ISSN 1551-8086
return to home search for a contributing writer

seach for poems by title

archive of previous issues submissions information mailing list online store links to other interesting sites contact us  
  December 2007
volume 5 number 3
-table of contents-
 
  home   (archived)
 
  prose
  Deborah Edler Brown
  Nika Cavat
  Piper Davenport
  Shalla DeGuzman
  Alexandra Leggat
  Rick Lupert
  Iftekhar Sayeed
 
  home
  poets
  poems
  archive
  submissions
  mailing list
  store
  links
  contact
   
Deborah Edler Brown
December 2007
   

 

bio


photo by james barros

    Deborah Edler Brown is a poet, fiction writer, journalist, author, and teacher, with two poetry chapbooks, several writing awards, a non-fiction book, and a variety of journals and anthologies to her name. She was born in Brazil, raised in Pittsburgh, and has family on four continents. She learned to dance before she learned to walk, started writing in grade school, and is entirely in love with the magic and rhythm of words.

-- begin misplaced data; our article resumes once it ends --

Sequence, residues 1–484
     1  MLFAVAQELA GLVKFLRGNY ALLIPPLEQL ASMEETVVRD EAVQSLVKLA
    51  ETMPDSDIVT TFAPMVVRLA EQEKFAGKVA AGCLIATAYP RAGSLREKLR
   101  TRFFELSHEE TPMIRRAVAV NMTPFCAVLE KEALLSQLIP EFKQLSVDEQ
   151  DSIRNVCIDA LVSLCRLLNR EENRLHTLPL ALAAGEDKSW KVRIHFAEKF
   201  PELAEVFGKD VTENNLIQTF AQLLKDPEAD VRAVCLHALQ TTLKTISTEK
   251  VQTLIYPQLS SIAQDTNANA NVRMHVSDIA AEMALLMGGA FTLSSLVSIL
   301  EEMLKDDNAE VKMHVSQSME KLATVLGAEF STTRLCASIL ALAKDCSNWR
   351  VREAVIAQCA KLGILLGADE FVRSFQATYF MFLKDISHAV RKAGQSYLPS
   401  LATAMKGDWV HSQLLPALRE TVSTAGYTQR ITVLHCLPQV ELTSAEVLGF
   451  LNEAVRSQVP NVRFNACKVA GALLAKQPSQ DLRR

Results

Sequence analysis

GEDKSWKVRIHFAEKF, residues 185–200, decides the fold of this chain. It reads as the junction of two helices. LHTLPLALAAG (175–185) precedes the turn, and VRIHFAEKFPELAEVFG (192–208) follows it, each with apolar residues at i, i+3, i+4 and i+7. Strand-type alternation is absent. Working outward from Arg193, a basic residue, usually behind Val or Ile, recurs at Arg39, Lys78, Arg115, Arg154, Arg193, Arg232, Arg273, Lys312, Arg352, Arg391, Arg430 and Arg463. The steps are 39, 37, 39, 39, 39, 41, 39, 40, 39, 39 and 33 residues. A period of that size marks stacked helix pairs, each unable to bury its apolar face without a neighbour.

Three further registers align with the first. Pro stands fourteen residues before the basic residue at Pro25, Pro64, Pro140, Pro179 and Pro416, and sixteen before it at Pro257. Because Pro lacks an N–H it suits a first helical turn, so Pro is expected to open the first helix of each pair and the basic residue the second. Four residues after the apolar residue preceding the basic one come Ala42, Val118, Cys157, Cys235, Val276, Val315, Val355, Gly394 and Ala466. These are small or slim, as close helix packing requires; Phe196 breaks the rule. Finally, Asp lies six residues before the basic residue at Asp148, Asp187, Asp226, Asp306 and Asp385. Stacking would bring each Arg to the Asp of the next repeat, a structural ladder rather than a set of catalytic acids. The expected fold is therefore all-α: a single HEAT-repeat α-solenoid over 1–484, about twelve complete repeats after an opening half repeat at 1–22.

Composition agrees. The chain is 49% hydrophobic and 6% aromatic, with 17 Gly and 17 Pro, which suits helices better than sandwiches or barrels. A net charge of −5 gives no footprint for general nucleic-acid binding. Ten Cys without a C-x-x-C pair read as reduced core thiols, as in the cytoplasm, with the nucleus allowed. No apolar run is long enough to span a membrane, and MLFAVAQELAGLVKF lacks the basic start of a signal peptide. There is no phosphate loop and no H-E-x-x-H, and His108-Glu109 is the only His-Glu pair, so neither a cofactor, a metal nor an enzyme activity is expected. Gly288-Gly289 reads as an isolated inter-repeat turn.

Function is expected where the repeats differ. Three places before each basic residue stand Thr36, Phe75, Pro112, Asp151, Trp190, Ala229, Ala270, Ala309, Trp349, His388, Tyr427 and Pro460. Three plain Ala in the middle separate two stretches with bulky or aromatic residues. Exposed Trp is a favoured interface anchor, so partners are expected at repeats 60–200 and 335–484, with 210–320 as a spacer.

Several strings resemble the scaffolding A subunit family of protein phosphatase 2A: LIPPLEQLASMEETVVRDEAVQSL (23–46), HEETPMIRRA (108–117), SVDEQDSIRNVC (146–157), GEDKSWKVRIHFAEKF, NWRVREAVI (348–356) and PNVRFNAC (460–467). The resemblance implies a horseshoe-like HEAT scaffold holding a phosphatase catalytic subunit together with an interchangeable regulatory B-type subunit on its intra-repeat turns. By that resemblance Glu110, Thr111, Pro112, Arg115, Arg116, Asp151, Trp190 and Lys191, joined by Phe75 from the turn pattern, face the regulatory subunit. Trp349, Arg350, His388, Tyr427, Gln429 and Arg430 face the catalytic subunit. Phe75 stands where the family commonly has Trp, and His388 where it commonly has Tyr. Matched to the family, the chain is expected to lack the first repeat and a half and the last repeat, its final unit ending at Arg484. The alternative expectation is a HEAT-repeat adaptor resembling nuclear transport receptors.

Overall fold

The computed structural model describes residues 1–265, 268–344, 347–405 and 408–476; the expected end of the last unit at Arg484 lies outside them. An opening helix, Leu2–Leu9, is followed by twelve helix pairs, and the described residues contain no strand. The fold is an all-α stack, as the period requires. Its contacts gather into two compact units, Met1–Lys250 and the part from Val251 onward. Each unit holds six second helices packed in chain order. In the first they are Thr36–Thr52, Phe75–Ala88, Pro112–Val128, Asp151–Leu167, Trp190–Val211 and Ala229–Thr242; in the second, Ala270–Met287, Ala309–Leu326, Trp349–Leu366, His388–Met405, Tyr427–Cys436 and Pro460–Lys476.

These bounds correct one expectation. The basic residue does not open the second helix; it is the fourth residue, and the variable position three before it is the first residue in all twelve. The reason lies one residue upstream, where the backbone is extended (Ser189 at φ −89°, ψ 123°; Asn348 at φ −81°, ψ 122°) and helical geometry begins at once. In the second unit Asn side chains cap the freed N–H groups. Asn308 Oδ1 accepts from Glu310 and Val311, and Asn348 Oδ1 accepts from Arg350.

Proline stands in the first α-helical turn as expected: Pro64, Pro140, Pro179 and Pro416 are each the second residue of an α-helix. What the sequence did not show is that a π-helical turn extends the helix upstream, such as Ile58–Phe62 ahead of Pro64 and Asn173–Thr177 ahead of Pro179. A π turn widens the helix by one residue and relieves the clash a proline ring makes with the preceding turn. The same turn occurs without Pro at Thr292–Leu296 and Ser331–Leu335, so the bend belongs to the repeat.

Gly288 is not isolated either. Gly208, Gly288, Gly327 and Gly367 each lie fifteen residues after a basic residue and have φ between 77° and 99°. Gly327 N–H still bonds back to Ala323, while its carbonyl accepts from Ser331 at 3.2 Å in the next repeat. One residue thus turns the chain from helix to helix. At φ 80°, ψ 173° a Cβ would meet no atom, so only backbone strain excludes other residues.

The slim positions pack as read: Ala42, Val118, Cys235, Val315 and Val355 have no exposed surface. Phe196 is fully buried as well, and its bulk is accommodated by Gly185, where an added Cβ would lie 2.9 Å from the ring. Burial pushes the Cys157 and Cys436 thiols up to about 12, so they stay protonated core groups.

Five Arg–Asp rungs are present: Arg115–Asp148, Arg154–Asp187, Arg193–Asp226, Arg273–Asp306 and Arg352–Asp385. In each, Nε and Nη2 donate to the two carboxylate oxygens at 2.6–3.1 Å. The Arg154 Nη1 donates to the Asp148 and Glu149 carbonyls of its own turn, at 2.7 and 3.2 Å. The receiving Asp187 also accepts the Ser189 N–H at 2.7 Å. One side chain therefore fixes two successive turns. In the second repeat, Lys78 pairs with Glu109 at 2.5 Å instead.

While I Was Fishing

While I was fishing in an old wooden boat on Lake Winnipeg, the sun slipped down, and the moon crested out of its hiding place. Loons started a chorus. My parka was just warm enough for the autumn bite. I sat in twilight with a line hanging slack and thought of you, silent as a morning pillow, sitting across from me at breakfast. Do you really want to do this? you asked finally, looking over the brim of the newspaper I knew you weren't reading. Do you think it's safe?
You don't like fishing -- the worms, the water, the wait -- and you didn't like my father, either. So how could you understand that this was a tribute? I put on his old plaid parka lined in navy wool and took the boat out one last time. I would catch something in his memory. I would listen to the loons, smell the pine, and remember the young blonde man in denim overalls who taught me to hook a worm with my eyes closed and sit patiently for hours in the sun on still water. I would remember the old man who just last year took me out on the lake as a metaphor. You sit and wait when you fish, Susan, he said. You wait beautifully. But sometimes you need to realize the pond is empty; the fish aren't biting. Sometimes you pack up your gear and go home.
I had planned to make a Viking ritual. Cook one last fish in his honor, burn the boat and say good-bye to the soul of my father. But I was fishing and thinking of you. Wondering if the pond is dead. If it is time to pack up my gear and go home. The loons are crying and so am I. For my tall Viking father, gone home to Valhalla. For my husband, who does not understand the lure of the line. And for myself, alone on Lake Winnipeg, waiting for something, anything, to bite.

copyright 2007 Deborah Edler Brown